Pandemic parallels: Moncton church transformed into hospital during 1918 Spanish flu
'We're learning about sacrifice': Pastor points to perseverance, duty, compassion of WWI generation
Walking through Moncton's First Baptist Church, you can smell the old books, see the morning light pouring through the stained glass windows, and hear the organist practising alone in the sanctuary.
Rev. Richard Jackson points out three large rooms that, more than 100 years ago, were transformed into a makeshift hospital for patients sick with the Spanish flu.
Since the COVID-19 pandemic began, he has often thought of this time in the church's history, and has been sharing the parallels with his parishioners.
"We've been in this situation before and we've not only survived, we've thrived," he said.
Pastor Richard, as he is known to his congregation, says he has been feeling sorry for himself. He can't preach live to his congregation on Sundays because of the self-isolation, and he can't do things he normally would with his children.
"I think I have it pretty rough but [the World War I] generation and the Second World War generation — they are the ones who really knew what it was to sacrifice for a cause bigger than ourselves."
A modern-day, non-fiction fable
Jackson is sharing the story of how the First Baptist Church congregation responded in 1918, when the second wave of the Spanish influenza pandemic killed millions, as a sort of non-fiction fable.
"I continue to talk about it because people want to hear the story over and over again," the pastor said. "People are so interested, just fascinated and encouraged by it."
Like many of the most memorable stories, the challenges for the church came in threes.
Fire, war, pandemic
The tale begins in 1913, when the wooden church that was home to the congregation burned down and within two days, according to Jackson, the church leadership decided to rebuild.
The second challenge came in the middle of that re-build, when World War I began and many of the church's young people left New Brunswick to help in the effort.
"It would have been so easy for the church to say, 'We can't do this, we can't continue.' Instead of doing that they battened down the hatches and they said, 'We are going to get this church built.'"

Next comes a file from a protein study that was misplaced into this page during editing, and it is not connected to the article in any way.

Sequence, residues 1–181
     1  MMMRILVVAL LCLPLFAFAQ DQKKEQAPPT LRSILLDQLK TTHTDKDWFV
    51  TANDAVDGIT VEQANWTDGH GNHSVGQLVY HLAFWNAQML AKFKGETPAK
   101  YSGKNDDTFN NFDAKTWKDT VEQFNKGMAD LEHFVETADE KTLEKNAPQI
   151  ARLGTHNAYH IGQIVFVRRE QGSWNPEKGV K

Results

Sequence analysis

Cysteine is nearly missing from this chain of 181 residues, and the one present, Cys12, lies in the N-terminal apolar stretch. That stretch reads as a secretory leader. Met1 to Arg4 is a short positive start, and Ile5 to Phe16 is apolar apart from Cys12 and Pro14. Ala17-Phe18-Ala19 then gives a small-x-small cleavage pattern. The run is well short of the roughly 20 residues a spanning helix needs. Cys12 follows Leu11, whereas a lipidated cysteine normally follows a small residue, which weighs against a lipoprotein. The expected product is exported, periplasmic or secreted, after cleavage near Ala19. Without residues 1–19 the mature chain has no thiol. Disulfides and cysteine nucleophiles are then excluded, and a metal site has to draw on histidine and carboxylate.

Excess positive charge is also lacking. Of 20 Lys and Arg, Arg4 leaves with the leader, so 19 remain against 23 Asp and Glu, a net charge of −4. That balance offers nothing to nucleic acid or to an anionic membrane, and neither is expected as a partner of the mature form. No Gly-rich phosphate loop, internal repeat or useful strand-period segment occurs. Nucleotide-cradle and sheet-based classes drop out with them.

That perseverance turned out to be a turning point in the story.
The new, much larger church opened in 1915 and just a few years later Spanish influenza spread around the world.
In 1918, during the second and most severe wave, Moncton's hospital was overflowing and had no more room for patients suffering with the flu.
Jackson said a medical missionary just happened to be home on furlough from India and he saw an opportunity to help.
"Dr. Hinson West — he got the idea of opening up the new church to patients and so they took in 25 influenza patients."
Jackson said West, along with another local doctor and many nurses, volunteered to care for the patients in three makeshift wards and "they only lost two."
"It's an amazing story of a church reacting in a crisis in a way that was positive and helpful."
Individual stories live on
Jackson loves to talk about the heroes in this non-fiction fable: Dr. Hinson West and a young woman named Beulah Cutler, who came forward to help even though she had no nursing experience.
"She was working every night for Canadian National Railway as a telegraph operator so she worked from 6 to 11 doing that, she went home and went to bed for a few hours, she got up every morning and was here at the church at 7 a.m. and worked until 4 p.m. as a nurse…and did that for the six weeks that the hospital was open."
Jackson describes Dr. West as a "typical missionary," who always had to be working and helping people.
Present inspired by past
Jackson believes the examples set by those who helped during the past pandemic are inspiring his congregation today.
While the first wave of COVID-19 has proven to be mild in New Brunswick so far, his members and ministers are offering support through online bible studies, streaming church services and by collecting and distributing food to families who are struggling.
It may not be a hospital, but Jackson said his parishioners are helping those who are in need of food and fellowship.
"We have such a history of courageous outreach in practical ways in our communities and sometimes I'm concerned that churches can forget that and I'm hoping that this will be a reminder."
The Reverend proudly shows off the grainy photo of the 15 doctors and nurses, including Hinson and Cutler, who stepped up to help during the 1918 pandemic.
They are standing on the steps of the church on Nov. 11, 1918, which was the same day World War I ended.
"You ask about lessons that were learned? We're learning about sacrifice, what it means to really give up things bigger and beyond ourselves," Jackson said.
For Jackson, that is the moral of this story.